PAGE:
Teach me about owning a basement

I just bought a house, and for the first time in my life I have a basement. My folks don’t have a basement so they can’t help…

It’s just me in the house and I want to use as little heat as possible this winter to save $$. So I need to know the best “configuration” for the heating vents in the house.

The basement is the full size of the house, and has 3 vents in it. There’s a door from the kitchen to the basement that can completely shut the basement off from the rest of the house. But that door needs to be opened when I enter or exit through the garage.

Since the basement’s icky and empty right now, I don’t see myself going down there much this winter unless I get a new clothes dryer in which case I’ll be down there maybe once week. I do not need it to be toasty.

On the other hand, I suspect if the basement is chilly I’ll get condensation, and my main level’s floors will be cold.

Do I close any or all of the basement vents?
Do I close any of the flues in the basement?
Do I close the kitchen-to-basement door?

Main goal is to keep heating costs down this winter…

Bonus question:
I have mold in my basement. Mold leftover from water damage that was fixed before I moved in - they just didn’t clean up the mold (it’s cool with me…). The basement is therefore a bit smelly, and the smell is wafting up to the main floor. I won’t have time to get into cleaning this mold for a coupla weeks. What can I do to keep the smell from wafting up in the meantime? Does that affect my venting scheme?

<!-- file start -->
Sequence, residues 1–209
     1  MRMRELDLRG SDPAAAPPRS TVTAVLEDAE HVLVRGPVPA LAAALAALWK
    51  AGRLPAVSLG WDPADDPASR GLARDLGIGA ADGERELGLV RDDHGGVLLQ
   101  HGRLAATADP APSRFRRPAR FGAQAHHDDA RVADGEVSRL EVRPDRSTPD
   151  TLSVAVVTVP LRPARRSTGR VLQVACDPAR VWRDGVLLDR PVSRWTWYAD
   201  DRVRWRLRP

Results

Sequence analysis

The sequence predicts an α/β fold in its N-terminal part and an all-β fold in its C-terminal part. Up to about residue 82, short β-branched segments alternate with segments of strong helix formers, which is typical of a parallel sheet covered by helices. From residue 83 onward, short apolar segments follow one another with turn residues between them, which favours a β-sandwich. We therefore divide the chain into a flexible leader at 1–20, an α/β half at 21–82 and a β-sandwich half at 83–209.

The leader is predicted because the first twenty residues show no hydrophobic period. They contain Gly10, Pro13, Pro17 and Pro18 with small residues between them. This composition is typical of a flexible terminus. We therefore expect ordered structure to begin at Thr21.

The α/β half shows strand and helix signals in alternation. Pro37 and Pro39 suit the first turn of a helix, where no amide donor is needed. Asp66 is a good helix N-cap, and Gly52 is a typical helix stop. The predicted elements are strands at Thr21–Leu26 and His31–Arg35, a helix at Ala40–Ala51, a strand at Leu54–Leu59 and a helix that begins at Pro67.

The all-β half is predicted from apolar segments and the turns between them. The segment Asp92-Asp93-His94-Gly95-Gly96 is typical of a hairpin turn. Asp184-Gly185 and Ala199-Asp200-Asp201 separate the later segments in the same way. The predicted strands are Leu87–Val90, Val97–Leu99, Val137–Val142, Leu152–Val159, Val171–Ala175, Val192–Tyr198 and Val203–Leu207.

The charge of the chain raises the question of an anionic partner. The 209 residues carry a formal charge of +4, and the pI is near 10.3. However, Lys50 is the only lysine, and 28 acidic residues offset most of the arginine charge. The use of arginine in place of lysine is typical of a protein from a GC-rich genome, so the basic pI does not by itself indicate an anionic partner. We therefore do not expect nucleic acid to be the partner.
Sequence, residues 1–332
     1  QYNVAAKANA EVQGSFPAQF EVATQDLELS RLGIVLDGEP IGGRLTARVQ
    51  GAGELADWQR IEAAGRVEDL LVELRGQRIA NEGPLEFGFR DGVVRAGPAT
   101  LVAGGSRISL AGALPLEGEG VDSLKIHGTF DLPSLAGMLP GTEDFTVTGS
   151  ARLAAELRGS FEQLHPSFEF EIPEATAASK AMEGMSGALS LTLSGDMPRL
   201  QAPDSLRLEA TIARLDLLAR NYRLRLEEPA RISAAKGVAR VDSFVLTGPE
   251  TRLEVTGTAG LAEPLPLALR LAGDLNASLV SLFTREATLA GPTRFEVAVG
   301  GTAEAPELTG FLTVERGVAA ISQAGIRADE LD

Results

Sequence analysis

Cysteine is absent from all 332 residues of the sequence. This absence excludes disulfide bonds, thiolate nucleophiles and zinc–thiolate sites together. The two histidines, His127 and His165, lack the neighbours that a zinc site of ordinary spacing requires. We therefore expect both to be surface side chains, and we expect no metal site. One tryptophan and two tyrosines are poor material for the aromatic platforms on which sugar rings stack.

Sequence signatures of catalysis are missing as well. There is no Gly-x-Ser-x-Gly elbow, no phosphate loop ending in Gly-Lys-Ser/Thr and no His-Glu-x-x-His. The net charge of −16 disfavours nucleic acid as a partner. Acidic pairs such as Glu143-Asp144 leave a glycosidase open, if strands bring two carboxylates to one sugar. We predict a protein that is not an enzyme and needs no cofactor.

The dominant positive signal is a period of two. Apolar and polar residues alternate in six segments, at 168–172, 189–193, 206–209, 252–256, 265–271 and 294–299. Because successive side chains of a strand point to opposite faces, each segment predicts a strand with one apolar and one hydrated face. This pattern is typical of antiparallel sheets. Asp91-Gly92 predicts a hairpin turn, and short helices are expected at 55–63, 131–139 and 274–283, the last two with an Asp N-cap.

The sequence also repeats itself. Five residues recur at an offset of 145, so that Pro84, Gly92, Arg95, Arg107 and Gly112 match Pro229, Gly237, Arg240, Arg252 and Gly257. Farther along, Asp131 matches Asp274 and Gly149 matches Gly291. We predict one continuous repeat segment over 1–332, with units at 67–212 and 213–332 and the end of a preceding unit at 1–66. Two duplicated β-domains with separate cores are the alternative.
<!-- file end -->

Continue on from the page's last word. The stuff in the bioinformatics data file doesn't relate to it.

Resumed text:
I :smiley: would love to have a basement,

but my downstairs neighbors :mad: would object.

If you have pipes running through the basement, you may need to keep some heat on in there or they will freeze.

Definitely get the mold cleaned up. That stuff can kill you. Seriously.

I echo this, both parts. You don’t need to keep the basement at room temperature, but you do need to keep it around 40-50 F to protect pipes and such.

And I have a good friend battling a severe allergic reaction to mold in the basement of the house he rents, to the point it’s nearly disabling him from living his normal lifestyle. Get it out of there before it affects your health!

I know I know i KNOW about the mold!!! I KNOW!!

I’m a single woman with a disabled dad and busy friends and my own 3-man company that happens to be releasing a major new release of our software at the same time I bought a house. I WILL GET TO IT!! Before I move in, even. HONEST.

Gonna double-check where my water pipes are to keep down freezing. I also am gonna invest in some of them pipe insulator thingies.

But in the meantime how do I manipulate my flues to keep heat costs down?

It’s been a long time since I’ve lived in a cold weather area and had a basement. My recollection is that you want to keep some heat/air circulating in a basement, summer or winter, to ward off moisture.

Incense, candles, potpourri, bake or cook something fragrant. Just a temporary cover up though so don’t let it go too long.

As for the heating. Close all but one vent and keep tabs on the temperature of the basement. If it gets too cold open one more, etc.

Your heating/cooling unit usually draws in enough air thru, if it is in the basement. If you ‘pull’ moisture out of the basement, it could actually wind up in your home. An overly moist home is not good for the structure or your health.

A dehumidifier unit in the basement and/or one on the heating/cooling unit can help.